If You Want Your Child to Like Eating, Avoid This Mealtime Mistake
It’s meal time at your house, and you’ve managed to get food on the table for the whole family. It’s the end of the day, and tired is an understatement. You’re ready to crawl into bed, but there’s one hurdle in your way: dinner.
Your kids immediately scrutinize every morsel on their plate. You see it in their faces: the resistance, the complaining, the disapproval.
You may already feel irritated as you watch them poke around their plate, like their food is some kind of science experiment.
You try to remain calm. “Why don’t you just try one bite and see if you like it?” You’re hopeful that your cheery disposition will encourage them to eat.
Minutes go by, and they haven’t budged. Their food remains untouched.
You ask again, but this time, there is a hint of sternness in your voice. “You need to try at least one bite of that if you want to leave this table.”
The negotiations have begun. You start to feel the tension building.
Your child squirms in their seat and digs around their plate reluctantly, searching for the one bite of food they can swallow as their ticket out of the dinner table.
However this situation might play out in your own home, know that you are not alone.
As parents, we might try to encourage our kids to do the things we know are best for them, and eating is no exception.
We know their bodies need fuel and nourishment, but persistence often meets resistance in the most undesirable way.
The more we might push, the more they might pull away, even when we try to coerce them ever so gently.
Kids might comply, begrudgingly. Or their refusal might turn into an all out dinnertime battle, where you end up feeling like the bad guy.
Is all of that worth getting them to eat “just one more bite”, or try part of their meals?
Pressuring Kids to Eat
Trying to get kids to eat, whether in a positive or negative way, has been shown to actually cause a child to dislike the foods they’ve been forced to eat.
Pressuring kids to eat in any way or form can actually backfire and discourage them from trying or liking different foods.
Truthfully, we only want what’s best for our kiddos, and sometimes we put pressure on them to eat without even realizing.
Here are some examples of what it might look like to pressure or prompt your child at meal times:
Telling your child that they have to take a certain number of bites of any given food on their plate
Asking your child to try something new that is served
Offering to give them dessert or something sweet after they’ve eaten a certain amount of their food
Rewarding them for eating “healthy” foods, like vegetables
Warning them there will be a punishment if they don’t eat
Giving them “the look” (you know the one I’m talking about?) when they haven’t eaten a certain amount
Instructing your child to eat everything that is served them at a meal before they can leave the table
You can see that we may put pressure on our children to eat, sometimes inadvertently, in both verbal and nonverbal ways. These efforts are usually in an attempt to increase a child’s intake of nutrient dense foods or promote healthier diets in children (i.e. “Eat your vegetables”), but research has shown that this type of feeding practice can have negative effects on a child’s food preference and hinder their ability to self-regulate their appetite.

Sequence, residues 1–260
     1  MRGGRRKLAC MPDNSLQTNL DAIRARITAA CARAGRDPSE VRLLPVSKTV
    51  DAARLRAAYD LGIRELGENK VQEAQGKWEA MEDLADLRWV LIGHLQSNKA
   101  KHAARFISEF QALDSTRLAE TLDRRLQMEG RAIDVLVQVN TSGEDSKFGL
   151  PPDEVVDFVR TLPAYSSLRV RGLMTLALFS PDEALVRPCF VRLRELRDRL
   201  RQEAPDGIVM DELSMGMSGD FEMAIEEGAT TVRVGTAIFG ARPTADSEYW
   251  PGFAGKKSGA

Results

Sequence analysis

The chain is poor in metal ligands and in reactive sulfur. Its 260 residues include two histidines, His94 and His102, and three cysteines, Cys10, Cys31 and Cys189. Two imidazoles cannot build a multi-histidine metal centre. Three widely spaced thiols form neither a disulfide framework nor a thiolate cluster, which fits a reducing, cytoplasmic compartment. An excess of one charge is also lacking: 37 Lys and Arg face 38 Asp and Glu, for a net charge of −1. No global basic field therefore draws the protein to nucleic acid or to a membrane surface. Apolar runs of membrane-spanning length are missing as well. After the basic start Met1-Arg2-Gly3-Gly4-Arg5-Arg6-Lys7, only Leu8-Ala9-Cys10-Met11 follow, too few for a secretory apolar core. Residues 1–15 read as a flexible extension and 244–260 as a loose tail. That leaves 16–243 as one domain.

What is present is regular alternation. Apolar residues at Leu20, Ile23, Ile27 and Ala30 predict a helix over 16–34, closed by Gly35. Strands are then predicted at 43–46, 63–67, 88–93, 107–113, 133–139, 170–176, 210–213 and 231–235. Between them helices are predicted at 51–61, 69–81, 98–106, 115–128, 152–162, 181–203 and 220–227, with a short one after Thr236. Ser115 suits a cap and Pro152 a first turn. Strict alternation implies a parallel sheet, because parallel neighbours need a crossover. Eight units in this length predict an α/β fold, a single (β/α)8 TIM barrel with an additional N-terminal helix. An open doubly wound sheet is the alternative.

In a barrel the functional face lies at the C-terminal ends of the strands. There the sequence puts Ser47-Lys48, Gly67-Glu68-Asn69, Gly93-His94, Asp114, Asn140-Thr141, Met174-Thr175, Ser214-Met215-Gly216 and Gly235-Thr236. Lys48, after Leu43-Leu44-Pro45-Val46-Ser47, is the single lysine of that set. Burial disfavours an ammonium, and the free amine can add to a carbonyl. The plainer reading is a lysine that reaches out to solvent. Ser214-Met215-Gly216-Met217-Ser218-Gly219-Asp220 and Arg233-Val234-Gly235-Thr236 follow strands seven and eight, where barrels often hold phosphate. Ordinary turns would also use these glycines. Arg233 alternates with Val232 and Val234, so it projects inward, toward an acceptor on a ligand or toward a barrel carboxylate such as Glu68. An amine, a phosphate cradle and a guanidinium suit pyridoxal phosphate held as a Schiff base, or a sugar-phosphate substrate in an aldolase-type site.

Studies have also found that rewarding kids for eating certain foods, (like vegetables), can actually cause children to dislike and avoid those foods. in my own work with mothers, I have seen time and again how being made to finish food that was unwanted as a child caused issues with listening to and honoring hunger and fullness cues as an adult.
So if pressuring, prompting, and/or rewarding kids for eating can cause more harm than good, what is a mama to do?
Helping Your Child Eat
The answer is simple: you don’t have to do anything to get your child to eat (including those veggies that you know are good for them).
Here’s the thing, mama.
Your child is born with an innate ability to eat. It’s hard-wired into their DNA, and when presented with regular opportunities to eat in a low-pressure environment, they are going to eat exactly what their bodies need to grow at a pace that is right for them.
The good news is this takes the pressure off of your shoulders.
That means you don’t need to force your child to eat so many bites of their veggies or finish a certain amount of the food that you serve them.
All you need to focus on is getting them regular meals and snacks that include a variety of foods and leave the rest up to them!
Ultimately, they will learn to eat different foods IF they are not forced, pressured, prompted or prodded.
Let them choose what and how much they eat, and this will help bring more joy back to the mealtime experience - for you and your kids.
When in doubt, just remember:
Parents provide, the child decides.
Disclaimer: For some kids that are struggling with severe feeding issues, eating can be hard for everyone. If you are concerned that your child may have a feeding issue or difficulty eating, please reach out to a professional for help and support.